Josetta Saffirio, a wine producer suspended between sustainability and magic

by Cristina Fracchia

The first time the sat-nav directed me to the Josetta Saffirio winery, making me drive on improbable roads, I had the feeling that I had entered a magic land, despite only being a few miles from where I live.  I thought it was perfect when I discovered that the iconic image of the winery is a gnome.

In this fantastic land I found Sara Vezza, a young fourth generation producer in love with this territory.  "I attended college and I graduated in Communication Sciences, but if I had chosen a different working path, I would have betrayed the bond I feel with these hills."  This bond was born at childhood and strengthened thanks to the stories of her family members, which told of the houses of the gnomes in the woods nearby.  The gnomes with which Sara maintained a sort of "correspondence" with in her childhood, then, when adolescent, asked her parents not to reveal the identity of this character, so as to keep intact and enchanted her young memories.

The relationship with the land was also strengthened by her parents, who helped to raise in her the desire to produce.  Sara's mother, Josetta, has a degree in agricultural sciences and is a teacher.  Her father, Roberto is enologist at the historic winery Marchesi di Barolo.  For a while, in the 80s, the family decided to make wine and bottled directly at their vineyards instead of selling the grapes as they had always done, getting very good results.  In '97 the family resumed production and Sara chose to stay in the business while continuing to study.  After she graduated, she took over the reins of the winery, dealing with marketing and sales, making the agronomic choices and planning cultural initiatives, while her father made the wine.  A few years ago Sara married a wine producer from Serralunga and became, in turn, mother of three children.  It then grew stronger in her mind the importance of environmental sustainability to leave a clean world for the future generations.  For this reason, for the last two years, the production of 25-30,000 bottles from the 5 acre property is obtained organically.  She also had a solar electricity system installed in order to reduce carbon dioxide emissions.  The company uses lighter packaging and chooses suppliers that share the same environmentally aware philosophy where ever possible.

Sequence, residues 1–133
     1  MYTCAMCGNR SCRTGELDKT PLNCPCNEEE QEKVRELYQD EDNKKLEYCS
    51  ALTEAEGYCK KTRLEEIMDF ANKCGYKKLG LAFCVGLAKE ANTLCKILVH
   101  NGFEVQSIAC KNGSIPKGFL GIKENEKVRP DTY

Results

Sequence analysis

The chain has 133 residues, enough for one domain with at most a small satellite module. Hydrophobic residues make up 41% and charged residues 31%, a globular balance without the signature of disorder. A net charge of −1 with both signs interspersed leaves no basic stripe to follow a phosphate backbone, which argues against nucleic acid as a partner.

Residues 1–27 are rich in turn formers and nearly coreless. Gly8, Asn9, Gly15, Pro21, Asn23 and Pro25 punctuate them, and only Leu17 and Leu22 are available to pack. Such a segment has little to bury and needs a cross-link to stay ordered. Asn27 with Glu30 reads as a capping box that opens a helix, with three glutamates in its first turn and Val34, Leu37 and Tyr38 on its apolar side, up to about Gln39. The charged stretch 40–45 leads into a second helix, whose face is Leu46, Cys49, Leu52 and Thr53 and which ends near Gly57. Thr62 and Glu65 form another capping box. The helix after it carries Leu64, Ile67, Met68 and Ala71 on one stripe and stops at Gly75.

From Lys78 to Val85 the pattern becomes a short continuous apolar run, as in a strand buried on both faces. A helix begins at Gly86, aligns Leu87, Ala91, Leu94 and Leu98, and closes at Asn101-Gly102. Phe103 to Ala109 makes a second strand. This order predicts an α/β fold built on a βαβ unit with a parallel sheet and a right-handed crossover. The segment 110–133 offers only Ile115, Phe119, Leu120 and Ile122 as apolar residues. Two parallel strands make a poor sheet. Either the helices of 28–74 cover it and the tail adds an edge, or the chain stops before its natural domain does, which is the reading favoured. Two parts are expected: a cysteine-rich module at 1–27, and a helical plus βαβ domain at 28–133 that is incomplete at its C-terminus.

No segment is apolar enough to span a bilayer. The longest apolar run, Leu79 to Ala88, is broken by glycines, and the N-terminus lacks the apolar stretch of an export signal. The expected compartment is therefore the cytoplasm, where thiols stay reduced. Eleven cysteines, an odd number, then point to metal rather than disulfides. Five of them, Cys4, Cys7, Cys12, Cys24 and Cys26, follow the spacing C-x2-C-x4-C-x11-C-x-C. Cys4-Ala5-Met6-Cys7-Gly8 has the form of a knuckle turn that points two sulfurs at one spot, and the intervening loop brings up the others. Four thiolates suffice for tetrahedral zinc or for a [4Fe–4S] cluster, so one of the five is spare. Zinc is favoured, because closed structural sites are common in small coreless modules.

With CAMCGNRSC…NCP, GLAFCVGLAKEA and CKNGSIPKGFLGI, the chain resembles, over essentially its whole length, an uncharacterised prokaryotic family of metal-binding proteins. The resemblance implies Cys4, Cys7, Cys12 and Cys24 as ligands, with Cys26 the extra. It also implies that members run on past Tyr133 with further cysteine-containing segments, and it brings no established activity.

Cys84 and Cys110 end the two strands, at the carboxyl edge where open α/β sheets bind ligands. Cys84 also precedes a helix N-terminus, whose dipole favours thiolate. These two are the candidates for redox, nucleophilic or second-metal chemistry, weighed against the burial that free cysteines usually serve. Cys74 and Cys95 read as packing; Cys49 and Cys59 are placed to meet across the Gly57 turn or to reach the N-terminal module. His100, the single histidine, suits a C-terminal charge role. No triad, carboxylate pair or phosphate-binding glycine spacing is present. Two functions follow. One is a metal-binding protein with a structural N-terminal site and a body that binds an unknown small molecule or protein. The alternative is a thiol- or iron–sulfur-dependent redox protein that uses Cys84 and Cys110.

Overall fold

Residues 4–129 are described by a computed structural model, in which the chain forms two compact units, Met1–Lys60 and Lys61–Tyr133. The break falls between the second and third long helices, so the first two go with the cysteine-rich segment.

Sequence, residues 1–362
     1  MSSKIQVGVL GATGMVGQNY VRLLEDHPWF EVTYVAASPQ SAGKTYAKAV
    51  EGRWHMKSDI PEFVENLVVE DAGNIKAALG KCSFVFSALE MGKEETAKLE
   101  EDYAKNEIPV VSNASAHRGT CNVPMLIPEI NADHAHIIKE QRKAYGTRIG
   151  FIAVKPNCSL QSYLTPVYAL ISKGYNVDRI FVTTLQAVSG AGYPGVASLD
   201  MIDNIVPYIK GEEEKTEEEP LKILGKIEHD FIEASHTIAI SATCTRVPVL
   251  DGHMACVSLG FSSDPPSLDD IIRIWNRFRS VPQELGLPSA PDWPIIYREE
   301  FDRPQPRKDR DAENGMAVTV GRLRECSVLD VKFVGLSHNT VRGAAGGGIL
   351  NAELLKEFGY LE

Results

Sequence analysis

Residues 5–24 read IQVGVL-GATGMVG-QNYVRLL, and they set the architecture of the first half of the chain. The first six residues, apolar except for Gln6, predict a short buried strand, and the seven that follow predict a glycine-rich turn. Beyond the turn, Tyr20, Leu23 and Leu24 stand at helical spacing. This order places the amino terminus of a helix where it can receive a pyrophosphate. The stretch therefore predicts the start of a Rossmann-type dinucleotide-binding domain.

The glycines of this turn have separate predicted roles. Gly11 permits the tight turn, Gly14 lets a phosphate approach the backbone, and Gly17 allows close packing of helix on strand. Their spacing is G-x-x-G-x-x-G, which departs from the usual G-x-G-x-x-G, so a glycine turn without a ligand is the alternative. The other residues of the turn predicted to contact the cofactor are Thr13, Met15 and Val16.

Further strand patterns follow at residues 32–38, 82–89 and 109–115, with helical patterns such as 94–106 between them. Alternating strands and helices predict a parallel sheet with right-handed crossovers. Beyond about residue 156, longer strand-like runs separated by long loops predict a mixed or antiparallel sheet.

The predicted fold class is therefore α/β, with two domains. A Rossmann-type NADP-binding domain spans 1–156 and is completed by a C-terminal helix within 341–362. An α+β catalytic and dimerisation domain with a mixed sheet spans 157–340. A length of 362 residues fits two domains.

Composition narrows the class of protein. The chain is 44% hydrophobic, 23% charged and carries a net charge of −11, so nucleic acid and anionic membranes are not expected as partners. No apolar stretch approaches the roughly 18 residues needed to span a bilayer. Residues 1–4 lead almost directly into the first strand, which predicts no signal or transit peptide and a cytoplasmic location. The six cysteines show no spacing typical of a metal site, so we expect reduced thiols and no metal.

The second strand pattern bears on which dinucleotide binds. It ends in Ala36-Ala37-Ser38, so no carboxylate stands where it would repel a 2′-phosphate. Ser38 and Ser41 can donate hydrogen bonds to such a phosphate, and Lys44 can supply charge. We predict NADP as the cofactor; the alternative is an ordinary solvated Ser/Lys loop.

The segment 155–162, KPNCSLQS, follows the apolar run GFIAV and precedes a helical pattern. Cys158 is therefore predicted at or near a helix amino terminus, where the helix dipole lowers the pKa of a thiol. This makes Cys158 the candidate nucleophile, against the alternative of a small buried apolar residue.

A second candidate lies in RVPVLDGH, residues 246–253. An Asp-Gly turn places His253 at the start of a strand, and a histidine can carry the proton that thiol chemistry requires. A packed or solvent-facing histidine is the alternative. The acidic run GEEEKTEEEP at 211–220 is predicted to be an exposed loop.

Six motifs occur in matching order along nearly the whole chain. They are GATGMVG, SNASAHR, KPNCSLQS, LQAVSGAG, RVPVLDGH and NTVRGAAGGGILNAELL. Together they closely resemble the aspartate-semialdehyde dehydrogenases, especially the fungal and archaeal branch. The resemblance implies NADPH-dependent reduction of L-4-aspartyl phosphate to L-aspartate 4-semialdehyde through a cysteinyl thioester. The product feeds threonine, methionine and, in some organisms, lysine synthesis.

Among their projects related to the environment is the creation of a bio-park, wisely choosing tree species to plant that attract nesting birds and other small animals of the local hills with a view of offering training courses for schools of all levels, at no cost, in the future.

And so, while she talks, we taste a few bottles.  I have fresh in my mind their Nebbiolo d'Alba classic method sparkling brut rosé 2009 (their first production of this type), tasted a few days before, obtained from a “Bleeding of Barolo” as she calls it.  A wine, that while contrary to my preferences, I loved right away, delicate, floral and citrusy, with a perfect balance in the mouth.  Sara makes me taste the Langhe Doc Rossese white 2012, a serious youthful wine that will age for much longer in their 3000 bottles.  The choice of such a grape variety is somewhat peculiar and is due to the discovery in the area by other producers of Rossese vines, evidently from the time of the salt road, brought there from nearby Ligura (along with anchovies).  However, it is a vine that has perfectly adapted to the local soil, expressing great strength and the potential to be enjoyed in the future.  Among the other tastings made, how could it be otherwise?  There is the Barolo DOCG 2011, which, although very young, promises great emotions in a few years as it already expresses decisive and intense hints of red fruit from which emerge vanilla, fresh tobacco and slight licorice.

The afternoon goes by and I do not even realize it, taken as I am by the stories told by these people, who love this land with such intensity.  While chatting, I notice that on the bottle caps are written some poetic phrases, almost like those found on the Baci Perugina, another idea of Sara’s that somehow proves her ability to make the wine and the region where it is produced, idyllic and magical at the same time.

It is time to leave, I farewell Sara expressing the feeling that her winery, albeit small, will be in the coming years a reference point for many other wine realities.

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